The University moved COVID-19 vaccine operations to Gregory Gymnasium on Monday to accommodate a large-scale distribution after being designated as a vaccine hub by the Texas government.
Jonathan Robb, director for the Office of Emergency Preparedness, said the University moved the location for vaccine distribution to Gregory Gym to allow a more efficient distribution of the state-provided doses.
Robb said UT is currently vaccinating about 1,000 people per day, including members of the UT community and the general public. UT currently receives a weekly allocation of 1,950 first doses and 1,950 second doses of the Pfizer vaccine. This week, UT also expects to receive about 1,000 doses total of the Moderna vaccine, he said.
As of Wednesday, a total of 19,275 vaccinations have been administered through UT since the school started distribution in December, Robb said.
“The vaccination process is a continuum,” said Veronica Treviño, media manager of Financial and Administrative Services Communications. “We keep moving through allocation while receiving more. Operations don't stop week to week while we wait for vaccines. We also have the vaccines stored and prepare them for distribution as needed for each day.”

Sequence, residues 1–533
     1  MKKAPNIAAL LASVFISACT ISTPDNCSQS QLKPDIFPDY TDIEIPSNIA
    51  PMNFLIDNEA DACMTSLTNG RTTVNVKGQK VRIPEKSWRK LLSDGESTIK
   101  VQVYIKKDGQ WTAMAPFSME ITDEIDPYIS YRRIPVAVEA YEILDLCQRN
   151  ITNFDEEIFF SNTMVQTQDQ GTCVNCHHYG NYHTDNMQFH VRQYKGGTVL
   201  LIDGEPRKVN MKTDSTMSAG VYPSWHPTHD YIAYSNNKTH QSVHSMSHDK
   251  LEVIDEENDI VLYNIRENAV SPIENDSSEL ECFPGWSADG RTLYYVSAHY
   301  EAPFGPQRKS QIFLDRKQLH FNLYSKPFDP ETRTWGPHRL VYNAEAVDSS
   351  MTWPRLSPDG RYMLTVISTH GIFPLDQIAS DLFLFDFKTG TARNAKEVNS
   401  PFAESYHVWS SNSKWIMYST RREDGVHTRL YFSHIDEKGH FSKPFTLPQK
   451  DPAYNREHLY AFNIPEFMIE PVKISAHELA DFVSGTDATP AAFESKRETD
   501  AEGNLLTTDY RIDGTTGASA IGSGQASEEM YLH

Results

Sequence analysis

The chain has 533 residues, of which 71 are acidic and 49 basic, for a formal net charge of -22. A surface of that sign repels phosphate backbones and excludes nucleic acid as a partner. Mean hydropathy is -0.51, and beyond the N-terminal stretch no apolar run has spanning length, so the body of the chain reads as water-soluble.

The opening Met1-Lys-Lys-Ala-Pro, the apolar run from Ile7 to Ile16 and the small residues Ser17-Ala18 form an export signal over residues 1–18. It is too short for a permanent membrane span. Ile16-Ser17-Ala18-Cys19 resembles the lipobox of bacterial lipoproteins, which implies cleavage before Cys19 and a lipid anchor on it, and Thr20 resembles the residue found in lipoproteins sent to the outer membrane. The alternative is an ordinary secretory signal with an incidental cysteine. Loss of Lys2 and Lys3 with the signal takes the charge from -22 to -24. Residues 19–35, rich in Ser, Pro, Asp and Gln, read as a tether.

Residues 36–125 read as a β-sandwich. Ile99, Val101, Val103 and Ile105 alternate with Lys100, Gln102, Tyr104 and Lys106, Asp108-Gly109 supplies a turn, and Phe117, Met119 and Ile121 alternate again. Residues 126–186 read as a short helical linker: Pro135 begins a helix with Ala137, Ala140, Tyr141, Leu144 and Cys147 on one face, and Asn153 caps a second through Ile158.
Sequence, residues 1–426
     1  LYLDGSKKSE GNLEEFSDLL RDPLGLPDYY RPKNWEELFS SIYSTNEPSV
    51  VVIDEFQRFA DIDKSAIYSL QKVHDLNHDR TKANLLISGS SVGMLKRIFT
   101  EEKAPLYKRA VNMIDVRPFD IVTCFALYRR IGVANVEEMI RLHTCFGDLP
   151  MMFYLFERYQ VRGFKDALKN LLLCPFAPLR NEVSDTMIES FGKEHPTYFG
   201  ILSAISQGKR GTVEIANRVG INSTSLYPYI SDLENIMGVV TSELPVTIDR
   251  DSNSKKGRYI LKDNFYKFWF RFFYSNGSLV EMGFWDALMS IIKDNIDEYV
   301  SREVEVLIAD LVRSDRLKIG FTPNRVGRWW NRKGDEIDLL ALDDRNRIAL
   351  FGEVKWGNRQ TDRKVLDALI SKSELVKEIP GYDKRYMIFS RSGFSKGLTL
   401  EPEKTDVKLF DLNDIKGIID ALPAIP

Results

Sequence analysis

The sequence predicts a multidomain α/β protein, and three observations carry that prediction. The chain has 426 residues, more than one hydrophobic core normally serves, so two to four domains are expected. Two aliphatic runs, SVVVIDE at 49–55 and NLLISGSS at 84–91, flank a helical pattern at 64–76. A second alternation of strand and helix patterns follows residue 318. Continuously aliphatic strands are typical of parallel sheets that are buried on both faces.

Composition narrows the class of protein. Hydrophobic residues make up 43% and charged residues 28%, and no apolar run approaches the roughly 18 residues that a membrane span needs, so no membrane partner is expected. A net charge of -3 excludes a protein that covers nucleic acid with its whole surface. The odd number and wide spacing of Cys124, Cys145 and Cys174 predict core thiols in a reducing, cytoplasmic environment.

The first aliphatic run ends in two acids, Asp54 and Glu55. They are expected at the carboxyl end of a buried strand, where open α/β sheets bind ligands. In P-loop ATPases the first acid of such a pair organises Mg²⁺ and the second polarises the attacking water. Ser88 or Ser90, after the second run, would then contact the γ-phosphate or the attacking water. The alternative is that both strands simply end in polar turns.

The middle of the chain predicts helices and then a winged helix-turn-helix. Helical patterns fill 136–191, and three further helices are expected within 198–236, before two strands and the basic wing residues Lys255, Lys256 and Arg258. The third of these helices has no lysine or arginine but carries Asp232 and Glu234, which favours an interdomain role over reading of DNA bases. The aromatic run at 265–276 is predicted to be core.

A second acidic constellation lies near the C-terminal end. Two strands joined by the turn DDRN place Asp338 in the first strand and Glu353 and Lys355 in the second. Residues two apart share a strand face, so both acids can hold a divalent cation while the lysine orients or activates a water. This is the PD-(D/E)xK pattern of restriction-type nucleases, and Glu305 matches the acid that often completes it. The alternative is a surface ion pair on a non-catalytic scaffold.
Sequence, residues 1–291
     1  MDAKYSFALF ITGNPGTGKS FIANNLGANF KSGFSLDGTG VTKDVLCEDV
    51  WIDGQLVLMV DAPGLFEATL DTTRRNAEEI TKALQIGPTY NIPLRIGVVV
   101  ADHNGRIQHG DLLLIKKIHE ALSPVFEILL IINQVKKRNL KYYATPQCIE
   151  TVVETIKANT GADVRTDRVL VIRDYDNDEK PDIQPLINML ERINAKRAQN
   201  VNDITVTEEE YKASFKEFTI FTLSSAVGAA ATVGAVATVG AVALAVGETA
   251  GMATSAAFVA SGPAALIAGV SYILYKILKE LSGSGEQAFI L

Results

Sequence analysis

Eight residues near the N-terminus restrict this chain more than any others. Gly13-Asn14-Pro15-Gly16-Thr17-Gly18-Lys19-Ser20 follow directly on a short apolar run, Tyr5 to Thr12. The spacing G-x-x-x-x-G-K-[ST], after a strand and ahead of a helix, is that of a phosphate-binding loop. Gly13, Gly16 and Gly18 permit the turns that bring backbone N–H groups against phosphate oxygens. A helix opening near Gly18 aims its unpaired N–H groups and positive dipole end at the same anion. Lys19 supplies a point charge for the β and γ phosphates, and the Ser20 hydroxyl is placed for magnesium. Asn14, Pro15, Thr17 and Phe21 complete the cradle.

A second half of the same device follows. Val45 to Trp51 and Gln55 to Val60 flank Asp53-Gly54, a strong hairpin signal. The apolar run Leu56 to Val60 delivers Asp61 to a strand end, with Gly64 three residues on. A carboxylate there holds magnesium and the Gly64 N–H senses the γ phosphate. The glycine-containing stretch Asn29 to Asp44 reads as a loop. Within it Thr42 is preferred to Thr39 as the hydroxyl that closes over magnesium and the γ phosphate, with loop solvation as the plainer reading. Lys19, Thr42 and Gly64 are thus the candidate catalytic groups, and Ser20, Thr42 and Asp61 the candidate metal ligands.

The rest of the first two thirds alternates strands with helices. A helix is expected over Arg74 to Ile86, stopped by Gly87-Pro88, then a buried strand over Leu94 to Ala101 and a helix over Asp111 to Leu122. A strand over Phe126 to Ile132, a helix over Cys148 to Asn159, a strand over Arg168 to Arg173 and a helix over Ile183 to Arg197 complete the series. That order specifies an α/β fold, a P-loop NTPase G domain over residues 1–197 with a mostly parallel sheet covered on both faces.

Vaccinations are distributed by appointment for those in the state-defined Phase 1A and 1B criteria. UT is providing free parking at Brazos Garage for those receiving their vaccines, Robb said. Signs guide people from the garage to the gym, and shuttles between the two locations are available for those who need assistance, Robb said.
Nhat Pham, who volunteered to administer vaccines, said Gregory Gym is a prime location for the new vaccine distribution site due to its central location on campus.
Previously, UT administered vaccines in the Family Wellness Center at the School of Nursing and the Health Discovery Building at the Dell Medical School, Pham said.
“Speedway usually gets a ton of traffic from students and other people,” said Pham, molecular and cellular biology junior. “Because Greg is located right next to it, it's a very ideal site.”
Psychology freshman Aishini Damaraju said although she would prefer if vaccines were administered in a clinical setting, UT is doing the best it can with vaccine distribution right now.
“Where I currently live, Houston, the city has been organizing these ‘vaccine hubs’ and they give vaccines anywhere basically,” Damaraju said. “I think people are just trying their best right now.”
Hairuo Yi contributed to this story.